Many of the factors that have affected startup growth since the Great Recession are resulting in an older and more diverse demographic among business owners than in previous decades.
Every year, the Kauffman Foundation publishes a series of reports detailing startup activity around the country. One of this year’s reports compares today’s entrepreneurs with those in 1996, when startups were typically owned by young, white individuals.
Today, the average entrepreneur is around the age of 50 and is much less likely to be white than 20 years ago, according to the report.
“For groups who have historically been at an economic disadvantage, they had to see some success stories come around in order to show them it was possible to start their own business and be successful,” said Karen
Appelgren, director of the Zions Bank Business Resource Center. “I think we are starting to see more individuals realize it is worth taking the risk.”
Startup activity in the United States changed dramatically when the country fell into a recession around 2008. The rate of new business formation hasn’t return to prerecession levels in the years since the downturn.
New business formation slowed during the recession because investors and banks raised their loan requirements, even as people laid off from work sought to open businesses.
Those loan requirements haven’t changed back yet, said Rick Ritter, director of the New Ventures Lab. In 2006 and 2007, he said, seed money went to people “for simply having an idea,” he said.
“Now the seed money is going to companies who have more traction.”
Meanwhile, younger people have yielded to intense pressure to go to college, and have incurred debt, requiring them to work in a job instead of starting a business, he said.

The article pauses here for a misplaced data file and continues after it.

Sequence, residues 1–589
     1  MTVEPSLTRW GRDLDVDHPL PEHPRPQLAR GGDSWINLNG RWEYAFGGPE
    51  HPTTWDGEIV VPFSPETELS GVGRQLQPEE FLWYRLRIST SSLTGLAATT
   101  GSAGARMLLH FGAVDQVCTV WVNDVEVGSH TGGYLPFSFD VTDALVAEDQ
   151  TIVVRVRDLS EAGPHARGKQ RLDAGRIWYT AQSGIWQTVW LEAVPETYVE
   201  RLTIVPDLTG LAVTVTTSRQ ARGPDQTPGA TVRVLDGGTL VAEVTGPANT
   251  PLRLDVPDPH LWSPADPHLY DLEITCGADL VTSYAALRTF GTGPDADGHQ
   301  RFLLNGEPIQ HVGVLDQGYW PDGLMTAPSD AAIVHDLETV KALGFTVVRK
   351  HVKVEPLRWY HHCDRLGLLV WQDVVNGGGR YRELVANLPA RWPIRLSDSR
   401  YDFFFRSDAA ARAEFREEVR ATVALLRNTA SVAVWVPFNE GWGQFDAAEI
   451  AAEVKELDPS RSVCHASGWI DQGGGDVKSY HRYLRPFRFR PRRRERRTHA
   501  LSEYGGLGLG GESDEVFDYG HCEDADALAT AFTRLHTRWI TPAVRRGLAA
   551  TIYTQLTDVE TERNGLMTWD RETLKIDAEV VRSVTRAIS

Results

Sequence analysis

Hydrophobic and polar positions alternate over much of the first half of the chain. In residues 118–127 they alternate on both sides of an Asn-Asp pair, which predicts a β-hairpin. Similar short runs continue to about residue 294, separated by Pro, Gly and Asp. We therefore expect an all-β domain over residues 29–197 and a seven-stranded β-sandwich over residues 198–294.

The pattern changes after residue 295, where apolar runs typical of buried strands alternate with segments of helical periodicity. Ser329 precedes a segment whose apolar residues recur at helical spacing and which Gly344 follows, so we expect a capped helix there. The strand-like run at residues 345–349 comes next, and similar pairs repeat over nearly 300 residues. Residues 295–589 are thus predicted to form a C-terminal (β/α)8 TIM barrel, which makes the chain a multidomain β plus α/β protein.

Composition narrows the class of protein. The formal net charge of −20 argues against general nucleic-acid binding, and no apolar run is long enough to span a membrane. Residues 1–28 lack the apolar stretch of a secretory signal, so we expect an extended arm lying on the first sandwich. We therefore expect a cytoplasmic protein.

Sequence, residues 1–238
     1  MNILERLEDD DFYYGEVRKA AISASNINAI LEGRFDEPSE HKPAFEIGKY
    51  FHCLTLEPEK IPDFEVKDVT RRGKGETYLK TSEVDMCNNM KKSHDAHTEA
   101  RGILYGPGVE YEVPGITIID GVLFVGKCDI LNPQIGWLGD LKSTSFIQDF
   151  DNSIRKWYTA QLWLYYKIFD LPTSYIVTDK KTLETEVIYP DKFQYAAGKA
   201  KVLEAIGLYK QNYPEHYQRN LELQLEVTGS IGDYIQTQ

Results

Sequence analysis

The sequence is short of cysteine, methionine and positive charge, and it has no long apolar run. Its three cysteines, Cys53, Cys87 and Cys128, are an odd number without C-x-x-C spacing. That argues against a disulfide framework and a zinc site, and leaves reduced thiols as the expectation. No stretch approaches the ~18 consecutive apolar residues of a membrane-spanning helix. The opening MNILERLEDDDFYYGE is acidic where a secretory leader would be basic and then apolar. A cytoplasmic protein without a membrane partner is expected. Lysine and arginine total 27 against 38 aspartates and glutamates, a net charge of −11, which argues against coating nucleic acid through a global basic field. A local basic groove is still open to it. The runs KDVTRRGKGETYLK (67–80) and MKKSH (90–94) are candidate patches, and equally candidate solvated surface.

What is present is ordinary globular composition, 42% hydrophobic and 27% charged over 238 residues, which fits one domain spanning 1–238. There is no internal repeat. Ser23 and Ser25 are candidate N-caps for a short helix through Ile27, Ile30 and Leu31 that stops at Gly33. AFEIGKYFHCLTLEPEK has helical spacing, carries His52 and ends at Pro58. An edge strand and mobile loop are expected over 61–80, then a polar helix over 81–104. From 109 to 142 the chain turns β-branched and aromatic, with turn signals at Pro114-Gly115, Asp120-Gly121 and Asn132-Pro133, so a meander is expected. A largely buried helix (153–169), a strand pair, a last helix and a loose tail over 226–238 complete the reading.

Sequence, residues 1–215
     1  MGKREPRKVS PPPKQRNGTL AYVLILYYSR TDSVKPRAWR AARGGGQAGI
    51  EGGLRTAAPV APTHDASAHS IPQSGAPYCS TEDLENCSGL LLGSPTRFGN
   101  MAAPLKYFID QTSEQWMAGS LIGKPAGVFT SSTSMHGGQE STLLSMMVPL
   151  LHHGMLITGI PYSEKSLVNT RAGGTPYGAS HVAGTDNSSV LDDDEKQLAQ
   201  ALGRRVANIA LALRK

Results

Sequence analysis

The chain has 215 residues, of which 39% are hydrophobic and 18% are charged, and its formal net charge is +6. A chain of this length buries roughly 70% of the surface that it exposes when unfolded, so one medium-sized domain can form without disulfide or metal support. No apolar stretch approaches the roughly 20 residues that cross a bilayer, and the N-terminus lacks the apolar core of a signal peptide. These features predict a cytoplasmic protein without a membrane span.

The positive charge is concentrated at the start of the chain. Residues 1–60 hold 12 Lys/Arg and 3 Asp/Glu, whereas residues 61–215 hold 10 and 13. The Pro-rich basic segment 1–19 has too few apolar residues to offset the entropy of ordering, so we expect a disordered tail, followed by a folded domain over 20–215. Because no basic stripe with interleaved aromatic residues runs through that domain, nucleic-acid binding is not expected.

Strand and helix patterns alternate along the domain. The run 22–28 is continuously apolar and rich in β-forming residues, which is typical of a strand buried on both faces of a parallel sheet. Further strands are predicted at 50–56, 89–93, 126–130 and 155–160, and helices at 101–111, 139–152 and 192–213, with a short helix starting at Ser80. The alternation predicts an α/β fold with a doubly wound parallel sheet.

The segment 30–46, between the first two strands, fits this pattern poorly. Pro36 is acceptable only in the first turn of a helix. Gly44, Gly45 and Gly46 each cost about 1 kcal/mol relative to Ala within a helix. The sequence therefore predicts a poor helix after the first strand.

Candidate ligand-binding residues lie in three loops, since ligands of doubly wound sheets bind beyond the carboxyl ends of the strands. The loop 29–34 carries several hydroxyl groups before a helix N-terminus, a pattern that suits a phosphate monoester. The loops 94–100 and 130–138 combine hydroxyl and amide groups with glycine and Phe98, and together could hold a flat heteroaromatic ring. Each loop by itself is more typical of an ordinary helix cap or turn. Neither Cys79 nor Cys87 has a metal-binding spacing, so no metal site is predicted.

In 1996, people between the ages of 20 and 34 made up 35 percent of all new business owners, the largest age group. Today, they make up 24 percent of all new business owners. A plurality, 26 percent, are between the ages of 45 and 54, and the proportion of people between the ages of 55 and 64 has grown from about 15 percent of new business owners to 25 percent, according to the Kauffman Foundation.
One reason business owners are older now is that many older, more expensive employees were laid off in the recession. Many of the newly unemployed had no option but to use their savings to build a business and become self-employed, Ritter said.
Also, that age group is growing as a proportion of the population. Before the turn of the millennium, about 280 out of 100,000 people between the ages of 55 and 64 were entrepreneurs. Today, that rate has increased to 350 people per 100,000.
“People that are even 45 and older are having a tough time finding a job so they are taking their financial resources and moving into something they can do themselves and grow into a business,” Ritter said. “I’ve had so many conversations with people who thought they were being discriminated against because of their age and not being a part of the millennial culture.”
The Hispanic demographic
The recession and the industries it hurt disproportionately affected Hispanic workers, and many were forced to open their own businesses in search of income, according to the University of Idaho’s McClure Center.
In Idaho, the number of Hispanic-owned businesses increased by 62 percent between 2007 and 2012 while all non-Hispanic-owned businesses decreased by 3 percent during that same period, according to the university.
At the national level, the proportion of Latinos who are entrepreneurs increased from 320 per 100,000 in 1996 to 480 per 100,000 in 2016. Latino business owners comprised 10 percent of all new business owners in 1996 and 24 percent in 2016, according to the Kauffman Foundation.
“When you’re laid off, suddenly you realize W-2 employment isn’t necessarily 100 percent secure either,” Appelgren said. “I have a lot of clients who decided after that it was time to take the on risk of entrepreneurship.”
Other demographic statistics
According to the Kauffman Foundation, new business owners in 1996 were:
New business owners in 2016 were: